Unsurprisingly, after yesterday’s epic day, I slept in – PANIC! Apparently the Proclaimers had been playing but I hadn’t heard a thing and I now know I wasn’t the only one. I awoke to find it light and knew immediately that something wasn’t right. At 530 it is definitely dark and it is not until you are emerging from breakfast or cleaning your teeth that the sun is rising and you can switch your headtorch off. It was 640 and we were due to leave at 715. No time for breakfast and in a complete panic, I ran around collecting my laundry, getting into my kit and packing up. By some incredible miracle I screeched to a halt at the start at 715 exactly almost in tears so terrifying was the prospect of being left behind by my group.
Today we were so lucky – I think we deserved it. The weather consisted of beautiful sunshine and the sights were simply stupendous. We cycled through the Great Glen passing the Commando Memorial, past Loch Lochy and Loch Oich and on to Loch Ness which was a definite highlight of the entire trip for me (see pic), the sky was blue and the waters steely, it took our breath away. Luckily not too much though as next a steep climb took us up to the road above alongside the loch on the South side where we passed expanses of heather and moorland whilst catching glimpses of the loch down through the trees to our left. This first section of the day got even better as we then careered down a magnificent miles-long descent into the first pit stop where spirits were the highest yet.
The next climb from Cromarty Firth up and over to Dornoch Firth seemed to go on forever but with the sun still shining and tail winds to boot, no one was complaining too much. Again the view from the top down over the Dornoch Firth Estuary was worth it, true Scottish beauty. From there it was pretty much downhill home and although the ride was 111 miles today, it didn’t feel like it. We all enjoyed every minute of it and with the added knowledge that tomorrow was incredibly the last day, everything seemed to be falling in to place and as we crossed Bonar Bridge and rode the last couple of miles to our final camp at Kyle of Sutherland, with the sun Still shining, we could finally feel excited about completing this crazy ride.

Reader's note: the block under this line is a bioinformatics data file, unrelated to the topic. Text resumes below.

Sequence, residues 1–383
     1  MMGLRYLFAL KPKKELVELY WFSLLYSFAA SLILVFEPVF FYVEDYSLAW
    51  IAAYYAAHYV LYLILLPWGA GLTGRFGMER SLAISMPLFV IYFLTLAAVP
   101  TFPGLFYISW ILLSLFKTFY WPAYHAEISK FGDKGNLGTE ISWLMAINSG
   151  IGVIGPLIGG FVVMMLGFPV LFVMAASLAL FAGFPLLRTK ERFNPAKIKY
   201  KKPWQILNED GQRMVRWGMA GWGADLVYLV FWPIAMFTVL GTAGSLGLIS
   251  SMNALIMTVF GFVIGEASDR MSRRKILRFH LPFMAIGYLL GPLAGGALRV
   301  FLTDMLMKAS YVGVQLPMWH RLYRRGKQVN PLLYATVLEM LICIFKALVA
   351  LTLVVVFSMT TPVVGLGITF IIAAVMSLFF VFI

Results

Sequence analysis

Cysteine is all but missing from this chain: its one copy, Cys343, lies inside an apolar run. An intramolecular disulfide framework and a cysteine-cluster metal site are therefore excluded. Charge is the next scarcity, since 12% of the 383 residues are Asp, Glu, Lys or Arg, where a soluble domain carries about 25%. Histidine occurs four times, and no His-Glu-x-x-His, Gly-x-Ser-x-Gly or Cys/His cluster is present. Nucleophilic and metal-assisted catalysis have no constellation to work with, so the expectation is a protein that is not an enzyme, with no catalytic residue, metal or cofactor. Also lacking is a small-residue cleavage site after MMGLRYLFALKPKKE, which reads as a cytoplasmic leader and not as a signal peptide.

872 miles down, a mere 104 tomorrow, the mood round the camp has changed again, (possibly a little to do with it being the last night most are camping) but mainly of course because, bar a natural or unnatural disaster it really looks like we are going to make it. My only niggle this evening? That someone had thought it a good idea to place the portaloos between the camp and the gorgeous view of the river which rather ruined our sundowners after a near perfect day!
Every evening at the briefing, someone is thanked and tonight there was less motivational speaking and more thank yous to all the amazing people that have made this possible, including Karen Hannaford in charge of the camps, Maz Hedley-Lewis in charge of pretty much everything as far as I can understand, the chaperones and Andy and Jackie Cook, Nick Tuppen Head of Threshold Events, the Halfords guys who work late into the night by head torch, the guys who put the signs up, the guys who take the signs down, all the pit stop guys who keep us going during the day, the catering staff, the massage team, the physios, the immaculate tent erection team, the shower guys, you get the picture, it goes on and on. It is a massive operation and it has been so well run, nothing has been missing and if there is anything that would improve the ride, Threshold or the relevant people take note and promise to sort it out either now or for next year, whatever is logistically possible.
For now though one more sleep until the big day...John O’ Groats, here we come!